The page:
Friday, February 13, 2009

Fuckedy, Fuckedy, FuckFuck Rabbits

It must cost my inflationary brother Davey at least a dollar a piece to produce eggs, what with the Wings of Life Salad he makes for the chickens every morning, and then the free choice, cage free, free range feeding on chicken scratch he spreads all over the grounds. Other critters get most of it.
For some reason, the Canada Geese who stay on the never frozen Cayuga Lake through the winter and fly over us on the way to and from the corn fields a every morning and evening, do not stop by for the easy pickings, but gypsy crows flock around the chicken house every day; blue jays, chickadees, juncos, cardinals, and mourning doves swarm the driveway,while a colony of mice lives in his truck and roasts sunflower seeds on the engine block.
Although the skunks who were living in the chicken house and on chicken rations, seem to have moved on and the rats who have besieged the local feed store have not smuggled themselves here in the layer ration yet, newly arrived chipmunks are homesteading in the compost pit , and the squirrels , which weren't here before the chickens, because there are no nut trees, are now set up along side the starlings in the hollow Chestnut that leans over the house, and are already ub their squirrelly mating mode, racing around unnecessarily, burning calories..
But the worst.... and the most.... are the rabbits.

When Davey comes in the driveway after dark, I can usually see by the truck head lights, eight or ten rabbits scattering from around the feed bin right in front of the house.
Davey had covered his trees two feet up the trunk with plastic spiral wrap to keep the mice and voles from girdling them, and after the deer came along and nibbled down the tops of the shorter trees, and just broke the tops off taller ones to get at the tender parts, he put elevated cages around the tops.
It was a wise move when he took my advice and bought scion wood to graft onto the dozens of wild pears already established without his interference out back, but he grafted too low, and so e learned that he had to cage the grafts too, o else r graft eight feet above the ground.
Then winter came and, as has not happened before recently, it came with snow.
The snow got so deep and developed such a supportive crust that Davey was delighted to ski merrily around on it, while the rabbits, elevated and supported by the same rust, were able to get up above the spiral wrap and girdle several of his planted pear trees. And they did. Not just girdled, but removed all the bark from trunk and branches two feet above the snow.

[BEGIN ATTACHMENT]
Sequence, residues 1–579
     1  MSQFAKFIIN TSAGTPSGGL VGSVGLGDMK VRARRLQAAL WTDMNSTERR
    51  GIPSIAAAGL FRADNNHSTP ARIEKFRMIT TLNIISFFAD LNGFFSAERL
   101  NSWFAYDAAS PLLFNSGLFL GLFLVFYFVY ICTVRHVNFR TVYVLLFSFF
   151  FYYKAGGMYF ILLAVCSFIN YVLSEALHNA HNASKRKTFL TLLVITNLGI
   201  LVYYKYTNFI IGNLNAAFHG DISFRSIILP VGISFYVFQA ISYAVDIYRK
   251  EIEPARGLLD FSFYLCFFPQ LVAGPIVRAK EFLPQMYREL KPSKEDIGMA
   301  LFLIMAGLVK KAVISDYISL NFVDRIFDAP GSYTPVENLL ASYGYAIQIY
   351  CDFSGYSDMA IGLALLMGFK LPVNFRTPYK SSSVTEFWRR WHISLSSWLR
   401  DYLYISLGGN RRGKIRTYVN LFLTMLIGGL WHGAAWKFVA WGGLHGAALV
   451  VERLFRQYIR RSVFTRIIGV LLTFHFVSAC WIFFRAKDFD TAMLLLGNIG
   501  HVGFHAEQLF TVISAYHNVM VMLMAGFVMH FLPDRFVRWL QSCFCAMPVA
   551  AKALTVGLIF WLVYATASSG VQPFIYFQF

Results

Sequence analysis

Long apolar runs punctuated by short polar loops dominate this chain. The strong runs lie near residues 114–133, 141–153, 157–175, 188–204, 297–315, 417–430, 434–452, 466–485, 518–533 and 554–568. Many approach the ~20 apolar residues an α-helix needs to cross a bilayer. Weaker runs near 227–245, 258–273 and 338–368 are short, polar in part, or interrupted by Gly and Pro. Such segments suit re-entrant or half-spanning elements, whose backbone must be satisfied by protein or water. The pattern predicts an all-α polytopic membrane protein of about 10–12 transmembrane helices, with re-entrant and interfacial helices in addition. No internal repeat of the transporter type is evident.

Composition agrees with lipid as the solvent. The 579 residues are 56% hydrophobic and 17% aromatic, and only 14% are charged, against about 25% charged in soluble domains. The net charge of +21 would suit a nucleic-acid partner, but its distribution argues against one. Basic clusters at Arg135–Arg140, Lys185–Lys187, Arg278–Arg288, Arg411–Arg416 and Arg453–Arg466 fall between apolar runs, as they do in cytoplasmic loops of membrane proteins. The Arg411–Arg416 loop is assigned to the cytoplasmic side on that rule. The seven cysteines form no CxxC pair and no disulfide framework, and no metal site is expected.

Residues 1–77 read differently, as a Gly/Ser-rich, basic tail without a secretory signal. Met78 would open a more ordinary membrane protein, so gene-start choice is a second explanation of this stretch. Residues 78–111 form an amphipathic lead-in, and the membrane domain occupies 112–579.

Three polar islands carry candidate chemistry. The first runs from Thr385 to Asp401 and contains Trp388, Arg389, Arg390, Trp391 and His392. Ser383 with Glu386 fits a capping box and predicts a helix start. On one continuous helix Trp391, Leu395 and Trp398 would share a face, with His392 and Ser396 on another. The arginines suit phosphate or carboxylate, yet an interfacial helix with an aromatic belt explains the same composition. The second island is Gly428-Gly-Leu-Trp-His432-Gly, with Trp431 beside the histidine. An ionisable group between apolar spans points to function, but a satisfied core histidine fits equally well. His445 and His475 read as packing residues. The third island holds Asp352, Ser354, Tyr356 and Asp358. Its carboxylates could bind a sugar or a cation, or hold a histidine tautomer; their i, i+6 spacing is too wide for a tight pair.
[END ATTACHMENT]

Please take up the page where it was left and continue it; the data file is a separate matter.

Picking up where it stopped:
It could have been prevented, and it could have been stopped once it started.... It didn't happen in one night, and I warned him about it. But Davey so got out on his skis and looked a just one Bon Rouge pear tree, gnawed naked from knee to nipple......and he just sort of doubled over and got sick on the snow, then stood up and skiied off yelling fuckedy, fuckedy, fuck.

With steely discipline he could use to great advantage as a writer, Davey put the matter out of his mind for a week or so, with the result that the rabbits got most of the rest of pear trees he had planted.... while Davey fiddled with Facebook skied loop-de-loops out back.

Then a little thaw dampened his winter sport enthusiasm and he turned his attention entirely to staring into his computer for a few days..... until I had a few words with him.
Davey I said, for Christ sake, a month ago you spent fifty dollars to order a few sticks of pear scion wood from Maine, in order to graft onto the wild trees out back. Right?
So damn it all, before it's too late....lop the tops off those girdled trees, cut the shoots into a couple hundred dollars worth of scion wood sticks, store them in the fridge with those you ordered, and then in April or May, graft them onto more of those wild trees out back, for Christ sake.
You'll have several times more bearing trees than you expected you were going to, plus, if you're lucky..., and you always have been, you dumb fuck....the planted trees will come back from buds inside the spiral wrap, or you can even cleft graft onto the stumps, and someday you'll have so many damn pears the extras will be fermenting on the ground and the roosters'll be getting drunk on them, chasing rabbits, and setting eggs.
To that, " Oh", was all he said.


He showed no other reaction for several days, just came out once in a while to save me from carrying his old dog Deerdra up and down the porch steps.

Then a couple of days ago I saw him go out with his pruners and some big baggies. He stopped at each tree, doubled over as if he had been kicked in the gut, then finally straightened up and went to work clipping. Moving on from tree to tree, sick at the sight of each one.

He's damn lucky I decided to hang around here, at least through the winter. To tell you the truth, I don't know how he would get along without me.